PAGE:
North Colonie School officials are looking to address the needs of its future students — and quickly. Kassie Parisi/Spotlight News
COLONIE — Two candidates are running for one open seat on the North Colonie Central School District Board of Education.
While both candidates — incumbent Paula D’Orazio and newcomer Timothy O’Connor — are in favor of bonding to make structural improvements at the district, they have differing opinions on a school board member’s role.
“I’m very proud to have been able to do this, and to do it for 15 years,” said D’Orazio, the board’s vice president who is looking for another five-year term. “I work with a great group of administrators who are forward looking and who have the North Colonie community at large in their best interest.”
O’Connor, an attorney living in Menands, didn’t outright criticize the administration but said the school board is — or should be — a separate and distinct check and balance.
“My characterization of the current school board is that it is a rubber stamp for
the administrators,” he said. “I know people like and respect them. They are intelligent, devoted individuals but I will not be a rubber stamp. I am an independent thinker and I am trained to evaluate and ask questions and that is what I’ll do if I get elected.”
D’Orazio said she was in favor of the $196.4 million bond voters rejected in
December 2016 and voted to put the $106 million bond to a referendum on May, 16.
“We went back to the public and the administration and the architects and everyone involved went back to work and put together something that we hope will pass,” said the current board vice president. “I’m going to be optimistic about that. It is in the best interest of our students to educate them in the skills needed in the 21st century.”
O’Connor echoed similar sentiments, and said the time is right for the bond given the enhanced state aid that will not be available if the proposal is rejected by voters for a second time.
“I recently visited Shaker and I saw some of the same buildings and hallways and lockers and other things that were there 45 years ago,” he said. “There are certain school districts where there is a huge tax rate per capita, but in North Colonie we have a large tax base and we can afford to do some things, particularly now that we have the available state aid.”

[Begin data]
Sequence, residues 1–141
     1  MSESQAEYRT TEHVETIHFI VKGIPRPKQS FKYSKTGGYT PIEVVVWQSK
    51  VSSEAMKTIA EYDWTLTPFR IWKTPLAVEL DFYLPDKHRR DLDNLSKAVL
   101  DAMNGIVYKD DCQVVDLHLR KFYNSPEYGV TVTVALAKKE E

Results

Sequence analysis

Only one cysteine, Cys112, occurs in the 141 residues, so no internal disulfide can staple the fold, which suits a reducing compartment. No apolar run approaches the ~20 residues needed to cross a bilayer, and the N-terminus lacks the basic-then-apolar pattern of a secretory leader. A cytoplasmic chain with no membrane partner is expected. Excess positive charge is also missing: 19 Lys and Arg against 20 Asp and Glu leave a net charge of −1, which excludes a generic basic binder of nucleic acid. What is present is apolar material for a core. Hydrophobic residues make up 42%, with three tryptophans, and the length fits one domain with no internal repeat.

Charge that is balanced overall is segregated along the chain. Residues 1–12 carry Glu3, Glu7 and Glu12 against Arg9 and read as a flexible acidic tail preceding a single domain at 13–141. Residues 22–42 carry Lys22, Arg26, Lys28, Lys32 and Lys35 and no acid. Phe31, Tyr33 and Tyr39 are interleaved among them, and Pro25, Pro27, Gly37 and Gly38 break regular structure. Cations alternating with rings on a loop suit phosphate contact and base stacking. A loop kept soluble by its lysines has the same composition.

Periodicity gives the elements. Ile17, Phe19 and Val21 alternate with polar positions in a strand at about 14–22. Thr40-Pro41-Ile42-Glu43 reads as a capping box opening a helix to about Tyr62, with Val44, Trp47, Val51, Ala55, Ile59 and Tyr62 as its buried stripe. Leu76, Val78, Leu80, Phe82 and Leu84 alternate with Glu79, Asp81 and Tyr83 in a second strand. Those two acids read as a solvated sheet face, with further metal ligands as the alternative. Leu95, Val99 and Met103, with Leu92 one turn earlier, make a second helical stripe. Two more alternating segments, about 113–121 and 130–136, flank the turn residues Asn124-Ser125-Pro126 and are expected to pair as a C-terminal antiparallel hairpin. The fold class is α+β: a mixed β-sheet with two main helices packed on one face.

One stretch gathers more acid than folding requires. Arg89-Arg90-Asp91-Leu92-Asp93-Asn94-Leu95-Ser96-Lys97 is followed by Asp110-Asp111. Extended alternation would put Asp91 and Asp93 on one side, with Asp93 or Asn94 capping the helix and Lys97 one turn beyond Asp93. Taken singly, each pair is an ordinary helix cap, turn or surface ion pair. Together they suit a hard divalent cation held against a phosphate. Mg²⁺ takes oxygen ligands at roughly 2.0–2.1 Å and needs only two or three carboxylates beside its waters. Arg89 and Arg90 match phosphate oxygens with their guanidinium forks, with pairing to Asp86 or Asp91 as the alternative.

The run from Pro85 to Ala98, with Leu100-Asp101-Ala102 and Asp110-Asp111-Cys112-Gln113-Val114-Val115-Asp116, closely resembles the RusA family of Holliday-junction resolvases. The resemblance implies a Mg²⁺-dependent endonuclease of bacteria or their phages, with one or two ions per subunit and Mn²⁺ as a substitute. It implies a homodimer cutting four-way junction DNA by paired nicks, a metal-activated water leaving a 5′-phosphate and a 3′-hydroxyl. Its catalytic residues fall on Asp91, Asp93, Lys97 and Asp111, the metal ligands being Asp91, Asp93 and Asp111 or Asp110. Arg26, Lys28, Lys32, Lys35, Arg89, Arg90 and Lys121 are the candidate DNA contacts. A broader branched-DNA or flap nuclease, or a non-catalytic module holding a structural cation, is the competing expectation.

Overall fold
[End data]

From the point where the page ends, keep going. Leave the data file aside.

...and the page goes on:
D’Orazio said her involvement in the school board is a progression of being a parent with elementary school children in the North Colonie School District. Over the last 15 years, she said, North Colonie schools remains among the top of the 73 districts in the Capital District and she is “proud of the number who graduate with regents and advanced regents’ diplomas.”
She has taken an interest in curriculum development in her tenure on the board and that specialization, she said, will be more important when – and if – the new facilities are built.
“I’ve dedicated 15 years on this board and have been part of the decision making process,” said the 60-year-old former speech pathologist. “This is my job. It’s a part of my life and I take this commitment very seriously. I am Looking forward to continuing what I have been doing for 15 years. I enjoy doing it and I take it very seriously.”
O’Connor said he would focus on getting students more involved in the education process and would like to give something back to the community. He also said there should be an emphasis on other career opportunities than a four-year degree.
“What’s emerging now in the schools is you have supers, boards, teachers and a growing phalanx of adminstrators and in that process students can get alienated,” said the 58-year-old Shaker grad who now teaches a class at UAlbany in addition to having his own law practice.
“You can’t have a board solely focused on everyone getting a four-year college education. Just look at the degrees and certifications and knowledge you can get out of a community college like Hudson Valley.” While D’Orazio said she has one of the best attendance records of any board member, O’Connor said he did attend a board meeting last year but so far has not been to one this year. Polling is open on May 16 from 6 a.m. to 9 p.m. at the Goodrich Building on Fiddler’s Lane.